On this day ten years ago, in the early morning hours- my dad passed away unexpectedly in our family’s home. He had beaten the odds, recovering from stage 4 cancer and undergoing precautionary rounds of chemotherapy and radiation following a very intricate but successful surgery that had taken place months earlier- when he went into cardiac arrest. I had been at the house, coming over to crash on my parents’ couch after a very late night out with friends who lived in the area- and had been surprised to find him still awake when I got there.
My dad was notorious for falling asleep early and at the drop of a hat, so for him to be up at 2-3 AM and eager to talk to me about my night and how my friends were doing was unusual but a welcomed conversation. I got him caught up with what everyone had been up to, talked about what we had done that night (which included a bonfire and using a bedsheet as a makeshift projection screen so that we could play ‘Texas Chainsaw Massacre’ movies for the neighborhood on the side of my friends’ apartment building) and travel plans I was making for the end of Summer.
I remember teasing my dad when he explained he wasn’t feeling good but waved off my suggestion that I bring him to the hospital if it was getting to be too much. He was stubborn and sarcastic- but so was I. That had always been the nature of our relationship. A lot of jokes and wit but never out of spite or malice- only out of love. The last thing I ever heard my dad say after I told him to “stop being a pussy” and left the room to go to bed was his laughter. He had the best laugh.
And then he was gone. In an instant- and to this day I wonder if he knew what was coming and hung in there long enough to have one final conversation with me where we could laugh and play before he left us.
I’ve written about that night. I’ve talked about it with friends, with family, and with my therapist. Getting into the grizzly specifics and the hazy memories of desperately performing CPR on my dad while somehow knowing that he was gone, my mother screaming on the phone for paramedics to hurry, my dog cowering and whimpering in fear amid the chaos until an ambulance arrived and I could cuddle him while praying for any kind of miracle- and then the somber and silent drive to the hospital when that miracle never came.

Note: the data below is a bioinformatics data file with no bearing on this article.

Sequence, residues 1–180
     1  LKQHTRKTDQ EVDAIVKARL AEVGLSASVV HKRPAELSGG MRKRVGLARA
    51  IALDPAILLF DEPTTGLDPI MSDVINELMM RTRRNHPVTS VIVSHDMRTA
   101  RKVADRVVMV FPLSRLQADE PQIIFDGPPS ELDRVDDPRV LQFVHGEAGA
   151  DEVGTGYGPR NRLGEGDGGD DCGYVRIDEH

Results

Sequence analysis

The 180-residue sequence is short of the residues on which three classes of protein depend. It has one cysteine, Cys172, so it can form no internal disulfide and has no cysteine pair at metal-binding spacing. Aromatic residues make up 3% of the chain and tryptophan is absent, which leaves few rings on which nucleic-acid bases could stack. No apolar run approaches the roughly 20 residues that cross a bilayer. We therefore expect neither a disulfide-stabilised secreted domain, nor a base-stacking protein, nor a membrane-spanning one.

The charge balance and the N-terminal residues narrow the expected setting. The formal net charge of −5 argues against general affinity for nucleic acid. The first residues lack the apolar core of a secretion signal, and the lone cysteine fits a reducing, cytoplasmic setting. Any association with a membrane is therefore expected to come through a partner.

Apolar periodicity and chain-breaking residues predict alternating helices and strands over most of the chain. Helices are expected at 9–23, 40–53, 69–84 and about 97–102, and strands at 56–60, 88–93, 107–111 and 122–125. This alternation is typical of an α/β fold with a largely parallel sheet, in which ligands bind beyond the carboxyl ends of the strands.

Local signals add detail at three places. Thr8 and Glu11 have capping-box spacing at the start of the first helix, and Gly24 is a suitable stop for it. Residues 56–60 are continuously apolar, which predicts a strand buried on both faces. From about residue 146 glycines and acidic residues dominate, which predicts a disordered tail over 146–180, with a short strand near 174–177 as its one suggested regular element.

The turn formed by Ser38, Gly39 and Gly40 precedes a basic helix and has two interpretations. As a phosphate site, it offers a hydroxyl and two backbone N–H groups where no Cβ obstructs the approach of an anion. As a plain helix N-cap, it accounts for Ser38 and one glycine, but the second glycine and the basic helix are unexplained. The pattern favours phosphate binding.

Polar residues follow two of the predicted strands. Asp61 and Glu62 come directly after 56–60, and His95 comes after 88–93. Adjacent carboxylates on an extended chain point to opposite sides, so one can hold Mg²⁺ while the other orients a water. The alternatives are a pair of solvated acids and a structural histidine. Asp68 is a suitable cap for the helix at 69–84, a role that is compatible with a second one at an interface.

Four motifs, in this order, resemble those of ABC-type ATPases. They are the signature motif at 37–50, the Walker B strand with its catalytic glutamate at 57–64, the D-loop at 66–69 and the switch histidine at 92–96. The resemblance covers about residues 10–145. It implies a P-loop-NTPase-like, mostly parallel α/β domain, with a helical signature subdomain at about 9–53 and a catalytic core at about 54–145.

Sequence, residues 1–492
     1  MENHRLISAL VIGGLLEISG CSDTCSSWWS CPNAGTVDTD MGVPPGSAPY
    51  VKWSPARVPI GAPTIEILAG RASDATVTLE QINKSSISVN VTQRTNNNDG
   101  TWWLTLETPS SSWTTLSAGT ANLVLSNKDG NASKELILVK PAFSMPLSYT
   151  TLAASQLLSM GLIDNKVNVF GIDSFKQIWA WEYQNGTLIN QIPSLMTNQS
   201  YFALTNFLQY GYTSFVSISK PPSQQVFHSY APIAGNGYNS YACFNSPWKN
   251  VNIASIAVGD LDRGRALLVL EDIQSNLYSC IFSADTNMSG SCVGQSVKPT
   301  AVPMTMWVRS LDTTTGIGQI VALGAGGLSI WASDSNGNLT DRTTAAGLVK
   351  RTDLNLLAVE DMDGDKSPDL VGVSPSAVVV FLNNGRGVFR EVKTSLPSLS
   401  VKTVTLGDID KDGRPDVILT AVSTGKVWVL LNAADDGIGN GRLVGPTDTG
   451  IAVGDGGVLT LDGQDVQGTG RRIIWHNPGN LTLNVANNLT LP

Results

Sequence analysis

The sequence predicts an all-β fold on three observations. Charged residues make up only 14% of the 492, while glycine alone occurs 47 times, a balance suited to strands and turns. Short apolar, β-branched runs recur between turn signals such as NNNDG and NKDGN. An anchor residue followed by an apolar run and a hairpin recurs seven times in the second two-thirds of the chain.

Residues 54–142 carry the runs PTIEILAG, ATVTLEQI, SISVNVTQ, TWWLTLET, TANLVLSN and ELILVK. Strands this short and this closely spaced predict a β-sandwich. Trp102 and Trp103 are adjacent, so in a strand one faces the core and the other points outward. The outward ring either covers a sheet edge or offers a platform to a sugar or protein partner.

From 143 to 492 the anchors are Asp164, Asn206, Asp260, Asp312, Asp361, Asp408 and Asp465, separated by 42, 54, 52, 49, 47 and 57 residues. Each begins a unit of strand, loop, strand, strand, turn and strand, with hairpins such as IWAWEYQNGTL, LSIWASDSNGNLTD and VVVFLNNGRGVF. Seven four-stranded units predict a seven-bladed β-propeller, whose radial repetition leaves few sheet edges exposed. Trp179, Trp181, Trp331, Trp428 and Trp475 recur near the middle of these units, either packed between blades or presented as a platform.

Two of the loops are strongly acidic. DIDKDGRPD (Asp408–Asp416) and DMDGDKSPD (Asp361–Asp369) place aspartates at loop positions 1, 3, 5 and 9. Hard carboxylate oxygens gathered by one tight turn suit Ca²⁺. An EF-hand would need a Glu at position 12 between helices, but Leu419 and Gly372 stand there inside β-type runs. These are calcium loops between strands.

There are things about that night I don’t remember- be it from shock or utter despair or trauma. I don’t remember calling my friends that I had been with just an hour earlier (but evidently, I called them to tell them what had happened.) I had also apparently called my boss at the time, leaving a voicemail apologizing for not coming in the following morning- but I do remember a nurse wrapping a blanket around me after I had made the decision to remove my father from life support when they determined there was nothing that could be done. She draped a scratchy blanket over my shoulders and sat with me in silence for a few minutes- half-hugging me while I stared at my shoes.
Moments of kindness from friends, family and strangers alike are what helped me get through those first few weeks. Cards, flowers, handwritten memories of my father and the phone calls from everyone- from immediate family all the way to the surgeons who had saved his life- and who were beside themselves that he was gone. Knowing just how much my dad was loved by everyone lucky enough to have met or known him wasn’t surprising- he really was the best there ever could be- but it made me feel less alone in my grief.
And now, ten years later- therapy and memories are what keep me grounded and present, no longer having debilitating panic attacks or sporadic bouts of depression and anger (all of which developed in the months after his death when my pain and what was then guilt for not being able to do more to have saved him became all too consuming to deal with on my own.) I still miss him all the time, still think about him regularly- and I wonder what he’d think about the milestones and changes his loved ones have reached and undergone in his absence- new relationships, jobs, apartments/houses, graduations, etc.
A few months after my dad died, I was watching an episode of ‘The Walking Dead’ with my mom- which has been our tradition since the show premiered back in 2010. We’d get together weekly to eat snacks and watch it together. It was a re-run, I believe- and in the scene a character, Andrea- is asked by another character, Beth- if things ever get better as she’s struggling to cope with the recent death of her mom. Andrea, who had lost her sister not too long ago on the show- ponders the question for a moment before answering:
“The pain never goes away- you just make room for it.”
It sounds silly to quote a fictional character on a show about a zombie apocalypse- but it really resonated with me and still does. It has been a decade since I lost my dad- and since I last spoke to him or heard him laugh or sang Beatles songs with him- but I’m able to function. I’m able to go about my day and live my life to the fullest. I’m still able to have fun and try new things and meet new people without feeling overwhelming or crippling despair- and I couldn’t say that ten years ago. Ten years ago, I never thought I’d be able to say it again.
The pain hasn’t gone away- I’ve just made room for it.
And I think he’d be proud of me for that.